Foraging and Making: My First Attempt at Crab Apple Jelly


Last Sunday while out on our walk through the forest my partner and I decided to visit one of our favourite foraging spots. In addition to being incredibly pretty it is also replete with Elder, Blackthorn and most importantly at this time of year, a sizeable crab apple tree.

To our delight the crab apple tree has an abundance of ripe fruit this year. We collected about a kilo of fruit, leaving behind a feast on the tree for wildlife and other foragers to enjoy.


Usually I use crab apples to make blackberry and apple jam. The high level of pectin in them ensures a good set without the need for adding a specialist jam sugar. This year however I decided to give making crab apple jelly a go instead. I could see in my minds eye as we gathered the fruit, jars filled with gorgeous clear jewel toned luciousness.

Unfortunately it hasn’t been a resounding successs. The amount of jelly is far less than I would have hoped and is very cloudy. In my haste to get going I didn’t pay enough attention to the recipe and suspect that I cooked the apples in too little water and for far too long.  After leaving the mixture to strain through a jelly bag there was so little liquid that squeezing the mixture to get every last little bit liquid out was my only option. As a result the liquid was very cloudy and not the jewel like clarity I was dreaming of.


Being cloudy already I decided to throw caution to the wind and add a teaspoon of ground ginger, added sugar and heated the mix up until it was at setting point. There being such a small quantity it didn’t seem worth sterilising a jar, so i’ve decanted the jelly into a small bowl and plan to use it up over the next couple of days.

I’m hoping that it will make a nice accompaniment to bread and cheese (or to some ‘Gary’ for my vegan days) or maybe giving my breakfast porridge an extra zing by adding a spoonful.It seems I’m big on options but alas low on jelly. That being said, nothing is wasted. I’ve learnt a new skill and with some tweaks it will be better next time. But for now, i’m going to savour every mouthful of the little I have and enjoy it.

If anyone out there has more experience of jelly making and could give me few pointers it would be great to hear from you!

Autumn Song by Dante Gabriel Rossetti


Autumn Song

Know’st thou not at the fall of the leaf
How the heart feels a languid grief
Laid on it for a covering,
And how sleep seems a goodly thing
In Autumn at the fall of the leaf?

And how the swift beat of the brain
Falters because it is in vain,
In Autumn at the fall of the leaf
Knowest thou not? and how the chief
Of joys seems – not to suffer pain?

Know’st thou not at the fall of the leaf
How the soul feels like a dried sheaf
Bound up at length for harvesting,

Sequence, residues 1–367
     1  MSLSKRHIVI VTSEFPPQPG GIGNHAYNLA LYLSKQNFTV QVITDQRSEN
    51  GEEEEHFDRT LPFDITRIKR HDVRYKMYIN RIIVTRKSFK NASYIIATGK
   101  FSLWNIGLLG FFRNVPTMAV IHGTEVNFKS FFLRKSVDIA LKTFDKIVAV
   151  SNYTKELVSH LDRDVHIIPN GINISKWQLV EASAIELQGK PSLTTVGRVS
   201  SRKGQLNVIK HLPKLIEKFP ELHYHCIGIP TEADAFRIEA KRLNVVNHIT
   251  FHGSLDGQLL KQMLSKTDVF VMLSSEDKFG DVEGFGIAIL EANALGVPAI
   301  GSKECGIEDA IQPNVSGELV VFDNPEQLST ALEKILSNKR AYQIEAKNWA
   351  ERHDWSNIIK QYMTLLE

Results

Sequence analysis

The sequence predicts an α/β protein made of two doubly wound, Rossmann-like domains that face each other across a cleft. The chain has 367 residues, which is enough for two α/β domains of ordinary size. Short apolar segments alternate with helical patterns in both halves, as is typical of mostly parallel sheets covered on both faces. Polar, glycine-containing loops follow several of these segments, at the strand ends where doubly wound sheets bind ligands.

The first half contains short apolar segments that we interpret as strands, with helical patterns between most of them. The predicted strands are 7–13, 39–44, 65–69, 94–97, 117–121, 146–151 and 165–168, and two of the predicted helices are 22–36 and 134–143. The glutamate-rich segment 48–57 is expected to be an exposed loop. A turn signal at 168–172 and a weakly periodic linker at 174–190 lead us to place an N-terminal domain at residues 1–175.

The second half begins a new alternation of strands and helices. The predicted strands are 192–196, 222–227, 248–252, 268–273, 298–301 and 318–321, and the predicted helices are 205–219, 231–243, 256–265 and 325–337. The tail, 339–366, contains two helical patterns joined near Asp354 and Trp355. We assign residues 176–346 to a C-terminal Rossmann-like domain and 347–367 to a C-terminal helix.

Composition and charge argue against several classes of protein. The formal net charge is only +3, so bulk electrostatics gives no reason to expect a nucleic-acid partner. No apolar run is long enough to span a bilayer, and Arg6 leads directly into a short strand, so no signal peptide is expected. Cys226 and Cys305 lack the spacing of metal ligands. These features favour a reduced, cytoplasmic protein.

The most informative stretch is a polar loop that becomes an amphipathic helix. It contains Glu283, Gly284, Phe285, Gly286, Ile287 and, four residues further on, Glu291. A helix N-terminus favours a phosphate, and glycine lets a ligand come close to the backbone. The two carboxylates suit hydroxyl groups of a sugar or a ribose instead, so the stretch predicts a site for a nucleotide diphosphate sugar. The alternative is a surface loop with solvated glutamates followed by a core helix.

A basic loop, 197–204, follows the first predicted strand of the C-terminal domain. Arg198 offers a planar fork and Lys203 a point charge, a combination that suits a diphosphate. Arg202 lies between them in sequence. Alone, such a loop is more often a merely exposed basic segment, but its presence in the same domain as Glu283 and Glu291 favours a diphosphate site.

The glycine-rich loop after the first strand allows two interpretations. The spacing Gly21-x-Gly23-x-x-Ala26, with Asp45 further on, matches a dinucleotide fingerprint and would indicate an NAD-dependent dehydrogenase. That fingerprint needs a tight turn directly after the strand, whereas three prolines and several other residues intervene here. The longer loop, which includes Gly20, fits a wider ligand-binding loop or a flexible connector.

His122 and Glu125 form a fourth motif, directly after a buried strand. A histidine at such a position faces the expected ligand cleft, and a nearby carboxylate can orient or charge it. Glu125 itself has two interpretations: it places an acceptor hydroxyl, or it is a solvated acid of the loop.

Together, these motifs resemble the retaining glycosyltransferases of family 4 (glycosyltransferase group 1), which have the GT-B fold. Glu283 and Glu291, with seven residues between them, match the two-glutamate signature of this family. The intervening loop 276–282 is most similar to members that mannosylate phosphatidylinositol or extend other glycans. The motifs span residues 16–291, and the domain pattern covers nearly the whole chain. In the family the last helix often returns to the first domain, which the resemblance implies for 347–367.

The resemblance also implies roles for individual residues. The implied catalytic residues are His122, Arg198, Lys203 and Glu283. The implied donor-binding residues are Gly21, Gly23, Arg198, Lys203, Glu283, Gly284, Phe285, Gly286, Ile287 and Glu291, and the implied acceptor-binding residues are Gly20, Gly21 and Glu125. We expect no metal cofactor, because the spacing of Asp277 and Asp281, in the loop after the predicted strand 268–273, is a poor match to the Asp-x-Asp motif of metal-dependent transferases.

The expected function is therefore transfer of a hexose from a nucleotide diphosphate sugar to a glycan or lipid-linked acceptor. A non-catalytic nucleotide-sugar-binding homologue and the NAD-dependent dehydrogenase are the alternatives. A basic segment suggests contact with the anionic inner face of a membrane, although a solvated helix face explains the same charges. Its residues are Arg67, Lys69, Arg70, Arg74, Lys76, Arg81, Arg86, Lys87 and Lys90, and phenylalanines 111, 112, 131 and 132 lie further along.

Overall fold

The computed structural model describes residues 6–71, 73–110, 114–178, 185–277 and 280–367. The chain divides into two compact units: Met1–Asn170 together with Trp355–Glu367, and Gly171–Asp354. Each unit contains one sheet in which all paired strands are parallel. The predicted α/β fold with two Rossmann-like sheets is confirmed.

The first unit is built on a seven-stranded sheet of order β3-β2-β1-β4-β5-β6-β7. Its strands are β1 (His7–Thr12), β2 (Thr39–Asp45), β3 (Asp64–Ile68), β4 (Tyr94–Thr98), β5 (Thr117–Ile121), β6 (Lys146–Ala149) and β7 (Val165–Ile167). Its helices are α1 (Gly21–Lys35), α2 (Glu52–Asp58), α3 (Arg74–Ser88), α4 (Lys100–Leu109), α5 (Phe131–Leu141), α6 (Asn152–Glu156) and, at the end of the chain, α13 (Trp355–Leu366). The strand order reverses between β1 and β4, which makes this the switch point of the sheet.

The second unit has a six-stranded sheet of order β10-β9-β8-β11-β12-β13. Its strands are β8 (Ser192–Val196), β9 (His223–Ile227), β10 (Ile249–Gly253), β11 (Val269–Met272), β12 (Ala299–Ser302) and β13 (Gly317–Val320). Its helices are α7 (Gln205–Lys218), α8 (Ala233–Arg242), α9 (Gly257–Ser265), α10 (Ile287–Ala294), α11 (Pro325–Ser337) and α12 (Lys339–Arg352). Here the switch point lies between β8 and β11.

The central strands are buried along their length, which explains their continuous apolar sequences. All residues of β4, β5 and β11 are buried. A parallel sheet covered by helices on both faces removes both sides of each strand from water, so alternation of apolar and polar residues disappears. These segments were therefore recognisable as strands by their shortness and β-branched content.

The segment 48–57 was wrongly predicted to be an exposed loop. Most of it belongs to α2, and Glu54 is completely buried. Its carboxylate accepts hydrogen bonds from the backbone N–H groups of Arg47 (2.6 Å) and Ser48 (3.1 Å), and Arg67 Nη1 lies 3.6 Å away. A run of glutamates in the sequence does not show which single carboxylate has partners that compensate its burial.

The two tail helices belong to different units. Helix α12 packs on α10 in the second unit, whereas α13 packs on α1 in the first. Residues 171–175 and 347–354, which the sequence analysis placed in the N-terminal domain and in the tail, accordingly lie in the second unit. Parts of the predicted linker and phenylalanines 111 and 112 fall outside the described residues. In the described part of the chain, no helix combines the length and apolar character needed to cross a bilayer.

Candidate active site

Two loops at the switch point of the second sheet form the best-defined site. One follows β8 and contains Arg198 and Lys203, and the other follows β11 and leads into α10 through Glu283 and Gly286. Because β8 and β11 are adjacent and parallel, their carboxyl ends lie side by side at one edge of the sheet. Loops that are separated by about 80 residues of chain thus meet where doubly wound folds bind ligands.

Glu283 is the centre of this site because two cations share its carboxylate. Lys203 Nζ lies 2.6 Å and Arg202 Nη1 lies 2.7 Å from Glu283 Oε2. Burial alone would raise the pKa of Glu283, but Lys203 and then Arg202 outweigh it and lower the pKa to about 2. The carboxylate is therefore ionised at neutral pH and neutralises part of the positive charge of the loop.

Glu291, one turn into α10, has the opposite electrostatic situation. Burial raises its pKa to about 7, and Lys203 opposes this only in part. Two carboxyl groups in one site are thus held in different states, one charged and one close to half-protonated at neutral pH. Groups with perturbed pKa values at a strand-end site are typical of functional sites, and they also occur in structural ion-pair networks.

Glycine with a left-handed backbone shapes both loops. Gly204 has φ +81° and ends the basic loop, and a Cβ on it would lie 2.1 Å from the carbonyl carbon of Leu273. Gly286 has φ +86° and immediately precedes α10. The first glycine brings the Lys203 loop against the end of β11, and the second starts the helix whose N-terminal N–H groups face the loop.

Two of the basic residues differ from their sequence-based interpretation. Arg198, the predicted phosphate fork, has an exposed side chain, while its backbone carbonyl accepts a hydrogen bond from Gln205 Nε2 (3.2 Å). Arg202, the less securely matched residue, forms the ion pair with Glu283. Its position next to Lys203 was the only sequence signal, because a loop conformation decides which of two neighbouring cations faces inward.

And how death seems a comely thing
In Autumn at the fall of the leaf?

Musings on Milliais: ‘Autumn Leaves’

Spying the first acorn, those first chills to the air and ultimately the changing hues of leaves usher in one of the gentlest of seasons – AUTUMN. For some it is a season synonymous with decay and death, but for me it is quite the opposite. Being instead, a new view of the world and its bare bones in their naked honesty as the cycle of renewal begins again. As most gardeners know, the chopping back of faded perennials in autumn often reveals the newly formed shoots that will be next summer’s glory.

Many of my favourite paintings by Millais are autumnal in theme and by the virtuosity of his hand and romantic soul, imbued with sense of fairy-tale enchantment. Millais has a keen sense of the ethereal, transforming the ordinary into the extraordinary regardless of subject and narrative.

  • millais_leavesAutumn Leaves (1856) is perhaps one of Millais’s most famous works and often discussed in terms of the symbolism therein. By Juxtaposing a heap of decaying leaves with the fresh youthful girls and the brooding sky at twilight, the composition readily lends itself to a discussion on the transience of youth and mortality. However in a letter to F.G. Stephens, Millais describes how he had “intended the picture to awaken by its solemnity the deepest religious reflection. I chose the subject of burning leaves as most calculated to produce this feeling”. Can we therefore infer from Millais comment that rather than being a melancholic dirge on the inevitably of human decline, that he was aiming for something more ethereal in sentiment; a moment of silence and a space for reflection that is outside the ordinary material world? If we consider it so, then what Millais provides the viewer with is the means of transporting themselves to a higher spiritual plane by employing the vernacular symbolism of the every day. Elements of the composition support this assertion; despite the scene being one of action there is a static quality to the figures, the directional variance in the girls’ respective gazes imbues the painting with a feeling of their disconnection from corporeality.